The Algorithms specialisation was great: thanks to Professor Roughgarden, I learned many “greatest hits” such as quicksort, Dijkstra’s, Knapsack, 2SAT and TSP. The “algorithmic toolbox” techniques such as divide-and-conquer, dynamic programming, reducing-to-graph-search and heuristic approaches to NP-complete problems were also incredibly enlightening. I uploaded my solutions to the problems on Github.
This was the hardest course I have taken on Coursera. If I were to rank the courses I have taken by difficulty, it would be as follows:
I also worked through Competitive Programmer’s Core Skills offered by St Petersburg’s, which was good for me as it solidified my understanding of the algorithms learned in Tim Roughgarden’s course.
ZhengHong has performed at the highest possible level in this module. His coverage and understanding of the materials, his committed attitude, his constant improvement on the econometric side of the paper, and the quality of his written work were First class. ZhengHong is planning to write a thesis on quantitative political science topic, so the effort he made in Pol Soc will be very helpful later on. Two things concern me, though, at this point. First, the level of nuance and sophistication that ZhengHong is able to show in his tutorial essays will be difficult to replicate in an exam setting. He will need to practice exam writing under timed conditions (at home and in Collections), and learn how to be more selective in his arguments and critical engagement with the literature. Second, I hear from Economics that the extra effort he put into Pol Soc came at the cost of investing in Microeconomics. Zhenghong should remember that all papers need to be mastered in order to get a First, and that, as he very well knows, technical papers are not necessarily always the most straightforward.
- Effort: Excellent
- Achievement: Excellent
- Estimate of Term’s work: 1
I spent a lot of time on reading and crafting the essays in Political Sociology, and thus did very well in the module. However, I didn’t spend enough time revising the material: I only really revised four topics out of eight. The four topics I revised were:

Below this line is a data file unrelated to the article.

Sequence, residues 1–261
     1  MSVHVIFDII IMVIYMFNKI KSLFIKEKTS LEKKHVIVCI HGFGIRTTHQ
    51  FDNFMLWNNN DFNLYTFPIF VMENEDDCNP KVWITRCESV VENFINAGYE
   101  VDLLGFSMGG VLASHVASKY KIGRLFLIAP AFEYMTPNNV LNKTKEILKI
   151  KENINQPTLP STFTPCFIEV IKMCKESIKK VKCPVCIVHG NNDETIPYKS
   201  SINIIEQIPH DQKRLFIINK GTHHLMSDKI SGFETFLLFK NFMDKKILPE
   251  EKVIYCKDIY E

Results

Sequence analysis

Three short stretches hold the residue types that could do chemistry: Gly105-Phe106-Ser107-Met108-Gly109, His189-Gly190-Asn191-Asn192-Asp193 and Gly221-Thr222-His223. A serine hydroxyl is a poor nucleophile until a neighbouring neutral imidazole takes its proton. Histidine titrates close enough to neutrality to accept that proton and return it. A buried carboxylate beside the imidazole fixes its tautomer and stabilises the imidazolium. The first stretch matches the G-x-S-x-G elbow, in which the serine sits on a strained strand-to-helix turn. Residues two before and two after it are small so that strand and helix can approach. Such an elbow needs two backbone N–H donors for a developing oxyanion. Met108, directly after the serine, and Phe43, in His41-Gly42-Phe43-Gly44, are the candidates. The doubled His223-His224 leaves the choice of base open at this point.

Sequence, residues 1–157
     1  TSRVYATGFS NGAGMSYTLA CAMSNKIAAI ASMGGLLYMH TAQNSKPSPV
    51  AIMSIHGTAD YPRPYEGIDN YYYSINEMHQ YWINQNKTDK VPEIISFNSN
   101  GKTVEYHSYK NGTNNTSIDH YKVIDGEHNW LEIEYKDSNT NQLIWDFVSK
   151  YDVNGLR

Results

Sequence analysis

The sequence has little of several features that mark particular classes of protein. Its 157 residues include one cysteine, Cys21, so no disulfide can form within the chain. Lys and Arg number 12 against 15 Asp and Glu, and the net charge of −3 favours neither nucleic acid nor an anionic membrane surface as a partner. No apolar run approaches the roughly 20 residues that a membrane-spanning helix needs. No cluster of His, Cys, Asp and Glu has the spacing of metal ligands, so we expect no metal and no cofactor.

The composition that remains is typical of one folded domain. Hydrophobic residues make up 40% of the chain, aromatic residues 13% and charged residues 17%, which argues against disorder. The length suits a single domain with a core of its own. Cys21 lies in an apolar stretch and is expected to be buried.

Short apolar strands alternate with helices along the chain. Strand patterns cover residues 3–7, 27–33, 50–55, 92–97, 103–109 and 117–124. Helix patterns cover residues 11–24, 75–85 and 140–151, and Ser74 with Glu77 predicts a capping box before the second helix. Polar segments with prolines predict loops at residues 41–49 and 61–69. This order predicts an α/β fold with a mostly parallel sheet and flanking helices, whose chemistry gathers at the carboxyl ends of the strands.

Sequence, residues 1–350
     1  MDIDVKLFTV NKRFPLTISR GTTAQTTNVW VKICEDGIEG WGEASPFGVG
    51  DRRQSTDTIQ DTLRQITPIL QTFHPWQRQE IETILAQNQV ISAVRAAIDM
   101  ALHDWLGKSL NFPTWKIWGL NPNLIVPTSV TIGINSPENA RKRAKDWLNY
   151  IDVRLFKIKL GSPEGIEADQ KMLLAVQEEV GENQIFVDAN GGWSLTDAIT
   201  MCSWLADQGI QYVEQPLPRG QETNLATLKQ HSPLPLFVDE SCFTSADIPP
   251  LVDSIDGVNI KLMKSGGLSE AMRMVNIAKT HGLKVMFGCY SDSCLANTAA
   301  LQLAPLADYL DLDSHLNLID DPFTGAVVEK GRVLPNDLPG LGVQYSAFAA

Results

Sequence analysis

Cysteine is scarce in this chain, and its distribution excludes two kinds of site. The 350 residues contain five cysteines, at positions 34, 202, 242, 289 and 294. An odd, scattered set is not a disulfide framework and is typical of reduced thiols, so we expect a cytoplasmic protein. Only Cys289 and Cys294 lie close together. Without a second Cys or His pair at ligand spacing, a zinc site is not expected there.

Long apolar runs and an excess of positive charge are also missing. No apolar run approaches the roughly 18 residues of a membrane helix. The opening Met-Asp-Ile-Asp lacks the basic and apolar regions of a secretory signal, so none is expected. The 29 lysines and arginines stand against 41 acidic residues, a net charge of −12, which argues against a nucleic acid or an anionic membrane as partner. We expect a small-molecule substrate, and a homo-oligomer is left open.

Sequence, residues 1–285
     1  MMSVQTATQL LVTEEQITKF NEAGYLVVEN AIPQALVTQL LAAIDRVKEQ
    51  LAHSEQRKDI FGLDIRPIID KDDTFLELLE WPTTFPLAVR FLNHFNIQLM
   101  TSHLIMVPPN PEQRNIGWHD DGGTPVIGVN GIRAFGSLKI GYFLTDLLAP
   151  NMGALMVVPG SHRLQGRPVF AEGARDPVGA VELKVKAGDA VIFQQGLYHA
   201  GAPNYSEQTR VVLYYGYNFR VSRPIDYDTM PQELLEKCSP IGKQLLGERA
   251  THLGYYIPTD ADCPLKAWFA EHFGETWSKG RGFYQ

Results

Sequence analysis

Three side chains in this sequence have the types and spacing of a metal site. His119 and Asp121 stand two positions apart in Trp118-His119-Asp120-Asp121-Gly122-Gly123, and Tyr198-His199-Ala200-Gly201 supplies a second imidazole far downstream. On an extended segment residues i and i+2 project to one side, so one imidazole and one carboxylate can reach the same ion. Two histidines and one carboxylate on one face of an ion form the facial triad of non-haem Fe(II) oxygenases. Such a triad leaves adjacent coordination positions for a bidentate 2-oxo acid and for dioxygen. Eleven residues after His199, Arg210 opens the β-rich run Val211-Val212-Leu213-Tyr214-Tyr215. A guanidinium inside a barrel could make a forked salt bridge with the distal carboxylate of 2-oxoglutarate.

I’m not sure when would be a good time to start revising the other topics since this term I have Theopol and Macro to do. Maybe they’ll have to wait until next year.
“Your deeper, underlying, fundamental values and wants. Your philosophy of life. Your sense of purpose, vision and meaning.”
No comments here.
“How you give value to the world, make a difference, and have a positive impact.”
I am currently not in a place to give much value to the world as a whole, but I hope to make the lives of those close to me better.
“Your physical presence in the world. Where you are in the world. Your living situation. Your stuff. What you own and why. Your material sufficiency. Your mobility.”
My physical presence in the world is constrained by my circumstance. But Oxford is an absolutely wonderful place to be in.
My living situation is good. I’m happy to be living with Oskar and Rayhan but I hope that they will be spending more time in their rooms instead of being at Richard’s.
I don’t own much stuff, but a lot of cooking stuff. Cooking is something I derive lots of joy from.
In 2018, IMDA gave me a $29,000 living allowance and in 2017, IMDA gave me a $9,400 living allowance and a $2,800 one-time settling allowance. This is pegged to PSC rates so I basically get ~14k per 6 months.
At the moment, I have no money in my Singapore bank account, but 6000 pounds in my GBP account. This is meant for the following three terms: HT 2019, TT 2019 and MT 2019.